Preserving Davao’s culinary traditions

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DAVAO CITY (MindaNews/09 March) — One of the 62nd foundation year celebration highlights of the Philippine Women’s College of Davao (PWC Davao) was the launching of the book Davao Cuisine: Recipes of the Ten Tribes of Davao City.

It features recipes of the Kadayawan tribes of Davao: Ata Manobo, Bagobo, Jangan, Matigsalug, Ubo Manuvu, Kalagan, Maguindanao, Maranao, Sama, and Tausug.

The book, a first of its kind published by PWC Davao, is edited by four-time Palanca awardee and Datu Bago awardee Dr. Mac Tiu. He was also a director of research in PWC Davao.

Marco Polo Davao executive chef Eduardo “Ed” Tuazon and PWC Davao former director of research Dr. Mac Tiu
Marco Polo Davao executive chef Eduardo “Ed” Tuazon and PWC Davao former director of research Dr. Mac Tiu

“The book is a testimony of PWC’s continuing romance with the rich cultural heritage of Filipinos,” Dr. Amelou Benitez Reyes, PWC Davao president and CEO said in the book’s foreword. “Preserving Mindanao’s culture and arts can be done in numerous ways. We hope this will spur more interest in studying all dimensions of Mindanawon arts and culture.”

Amelia Bonifacio, the school’s VP for institutional affairs, said that the book is not only a collection of selected recipes that represent generations-old culinary practices of Davao’s ten tribes. She said that it also symbolizes six decades of arts and cultural diversity consciousness of the school.

Bonifacio said that the book aimed to preserve culinary traditions amid diminishing interest and documentation devoted to that aspect of tribal culture and to inspire and challenge students to reflect and be inspired by the historical practices and pursue to create these into modern, fusion recipes that appeal to the taste of the new millennium population.

The book is a product of more than two years of research; it contains 65 recipes from the ten tribes.

“These recipes were actually cooked by the tribal cooks and witnessed by the PWC researchers,” Tiu said. The cooking demonstrations were held at the PWC campus, in tribal villages, and downtown residences. PWC students and faculty assisted in the research. “In addition to the cooking demos, interviews were conducted to clarify and validate the research notes.”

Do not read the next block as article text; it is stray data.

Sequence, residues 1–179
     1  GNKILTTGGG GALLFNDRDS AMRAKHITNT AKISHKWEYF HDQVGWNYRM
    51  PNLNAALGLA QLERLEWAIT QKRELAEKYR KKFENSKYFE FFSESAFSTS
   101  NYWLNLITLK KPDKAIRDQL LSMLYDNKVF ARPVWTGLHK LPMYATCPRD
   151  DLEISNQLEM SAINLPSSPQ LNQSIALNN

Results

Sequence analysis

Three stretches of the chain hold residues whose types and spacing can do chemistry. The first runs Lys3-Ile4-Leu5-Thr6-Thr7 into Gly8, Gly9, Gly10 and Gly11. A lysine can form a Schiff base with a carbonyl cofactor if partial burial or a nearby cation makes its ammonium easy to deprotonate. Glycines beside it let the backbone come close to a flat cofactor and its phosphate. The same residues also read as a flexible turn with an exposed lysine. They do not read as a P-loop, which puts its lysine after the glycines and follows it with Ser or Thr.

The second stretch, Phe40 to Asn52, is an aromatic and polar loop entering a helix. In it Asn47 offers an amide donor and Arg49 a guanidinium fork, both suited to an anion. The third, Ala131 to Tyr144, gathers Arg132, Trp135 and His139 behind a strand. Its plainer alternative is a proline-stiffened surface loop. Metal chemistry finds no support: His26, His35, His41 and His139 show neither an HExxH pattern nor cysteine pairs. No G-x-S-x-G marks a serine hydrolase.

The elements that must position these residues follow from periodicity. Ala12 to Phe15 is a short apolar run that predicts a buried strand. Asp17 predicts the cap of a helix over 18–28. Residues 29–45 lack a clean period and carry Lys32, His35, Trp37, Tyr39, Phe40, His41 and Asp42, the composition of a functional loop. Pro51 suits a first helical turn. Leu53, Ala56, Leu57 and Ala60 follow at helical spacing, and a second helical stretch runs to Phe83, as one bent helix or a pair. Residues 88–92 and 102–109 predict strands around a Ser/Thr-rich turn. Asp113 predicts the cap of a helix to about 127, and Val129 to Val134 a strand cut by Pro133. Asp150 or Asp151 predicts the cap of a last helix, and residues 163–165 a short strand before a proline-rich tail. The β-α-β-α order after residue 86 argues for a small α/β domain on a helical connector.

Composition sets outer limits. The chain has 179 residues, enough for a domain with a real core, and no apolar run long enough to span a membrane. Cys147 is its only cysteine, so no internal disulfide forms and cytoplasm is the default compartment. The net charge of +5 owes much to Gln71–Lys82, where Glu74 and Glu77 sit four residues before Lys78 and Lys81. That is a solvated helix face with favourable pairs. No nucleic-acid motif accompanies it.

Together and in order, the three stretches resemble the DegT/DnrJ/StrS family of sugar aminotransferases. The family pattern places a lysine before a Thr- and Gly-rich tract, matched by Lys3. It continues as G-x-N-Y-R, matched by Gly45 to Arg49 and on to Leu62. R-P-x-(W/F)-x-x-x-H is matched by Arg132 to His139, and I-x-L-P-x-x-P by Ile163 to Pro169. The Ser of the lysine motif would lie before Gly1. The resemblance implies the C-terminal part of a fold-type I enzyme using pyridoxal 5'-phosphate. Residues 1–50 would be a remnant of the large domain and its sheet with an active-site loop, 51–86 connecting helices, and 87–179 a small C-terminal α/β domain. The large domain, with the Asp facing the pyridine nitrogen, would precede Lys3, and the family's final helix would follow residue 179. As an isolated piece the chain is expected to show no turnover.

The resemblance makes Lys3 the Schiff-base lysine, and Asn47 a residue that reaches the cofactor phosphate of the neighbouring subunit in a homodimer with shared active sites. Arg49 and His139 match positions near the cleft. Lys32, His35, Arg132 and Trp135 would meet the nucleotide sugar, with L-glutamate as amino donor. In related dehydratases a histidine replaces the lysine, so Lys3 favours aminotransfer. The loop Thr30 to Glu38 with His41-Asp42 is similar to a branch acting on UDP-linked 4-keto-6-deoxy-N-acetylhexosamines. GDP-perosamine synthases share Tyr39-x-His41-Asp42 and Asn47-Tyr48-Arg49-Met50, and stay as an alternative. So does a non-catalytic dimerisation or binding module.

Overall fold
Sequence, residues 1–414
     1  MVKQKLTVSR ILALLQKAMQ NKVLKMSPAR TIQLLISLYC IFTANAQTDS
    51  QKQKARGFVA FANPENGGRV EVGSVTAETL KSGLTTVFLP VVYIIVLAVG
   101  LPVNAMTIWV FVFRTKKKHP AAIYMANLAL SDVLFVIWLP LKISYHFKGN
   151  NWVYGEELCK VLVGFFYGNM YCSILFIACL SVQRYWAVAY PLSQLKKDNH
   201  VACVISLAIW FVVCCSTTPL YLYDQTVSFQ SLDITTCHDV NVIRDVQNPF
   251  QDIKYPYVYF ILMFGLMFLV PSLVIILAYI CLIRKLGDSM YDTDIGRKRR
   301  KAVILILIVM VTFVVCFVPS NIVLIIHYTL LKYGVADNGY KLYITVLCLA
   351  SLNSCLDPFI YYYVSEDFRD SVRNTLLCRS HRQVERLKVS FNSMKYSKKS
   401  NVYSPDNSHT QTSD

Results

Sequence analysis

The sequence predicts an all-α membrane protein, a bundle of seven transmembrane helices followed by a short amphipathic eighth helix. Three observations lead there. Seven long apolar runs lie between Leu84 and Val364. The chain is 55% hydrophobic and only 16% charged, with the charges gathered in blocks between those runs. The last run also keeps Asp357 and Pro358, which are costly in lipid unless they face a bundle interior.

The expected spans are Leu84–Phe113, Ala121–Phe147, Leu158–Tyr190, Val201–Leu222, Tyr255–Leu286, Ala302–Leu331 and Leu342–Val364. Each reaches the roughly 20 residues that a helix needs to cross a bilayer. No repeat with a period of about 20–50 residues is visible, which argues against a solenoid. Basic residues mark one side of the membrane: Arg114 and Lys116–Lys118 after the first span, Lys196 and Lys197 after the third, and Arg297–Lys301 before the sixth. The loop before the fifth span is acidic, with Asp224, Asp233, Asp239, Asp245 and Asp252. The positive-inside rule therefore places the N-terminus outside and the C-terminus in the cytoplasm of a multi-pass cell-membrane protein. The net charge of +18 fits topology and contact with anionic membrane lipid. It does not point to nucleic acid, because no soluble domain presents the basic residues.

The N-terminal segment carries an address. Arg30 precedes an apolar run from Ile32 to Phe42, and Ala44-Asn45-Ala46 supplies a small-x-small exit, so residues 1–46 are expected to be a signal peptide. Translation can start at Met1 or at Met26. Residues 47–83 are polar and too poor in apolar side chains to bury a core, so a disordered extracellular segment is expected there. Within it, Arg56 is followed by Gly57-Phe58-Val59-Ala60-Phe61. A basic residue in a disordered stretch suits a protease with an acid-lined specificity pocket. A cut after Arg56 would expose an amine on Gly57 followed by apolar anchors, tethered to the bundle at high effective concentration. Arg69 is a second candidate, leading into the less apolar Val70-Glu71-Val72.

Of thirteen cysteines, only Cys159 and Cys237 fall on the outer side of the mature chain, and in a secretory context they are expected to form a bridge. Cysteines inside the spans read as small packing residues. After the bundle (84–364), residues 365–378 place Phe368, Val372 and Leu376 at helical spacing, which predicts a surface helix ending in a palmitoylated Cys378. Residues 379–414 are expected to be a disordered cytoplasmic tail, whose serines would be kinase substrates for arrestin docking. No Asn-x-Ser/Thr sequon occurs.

The pages of the book are filled with recipes that are easy to read and follow. Aside from the cooking instructions, brief yet substantial backgrounds on each featured tribe provide culinary and anthropology enthusiasts alike a glimpse on indigenous food and lifestyle.

Colorful pictures accompany recipes; there is also a gallery of the tribal cooks, a mini dictionary of cooking terms (English-Bisaya-Lumad-Moro), and articles on the Philippine food trip of the Magellan Expedition in 1521 (as reported by Antonio Pigafetta) and on the Kadayawan Festival in Davao.

09booktiu“Before we can aspire for international [culinary] standards, we should go back to our roots,” said Eduardo “Ed” Tuazon, Marco Polo Davao executive chef, who is himself a leader in the industry in terms of concocting dishes inspired by indigenous Davao tribes. He is known by the PWC Davao students for his culinary passion and profession. “We have to learn our own traditional recipes and present them in a contemporary setting.”

As a demonstration, chef Ed showcased some of his culinary masterpieces during the cocktails at the book launch press conference: the durian panna cotta, mangosteen cream, coconut cream brulee, and jackfruit and pandan mousse. (Jesse Pizarro Boga/MindaNews)

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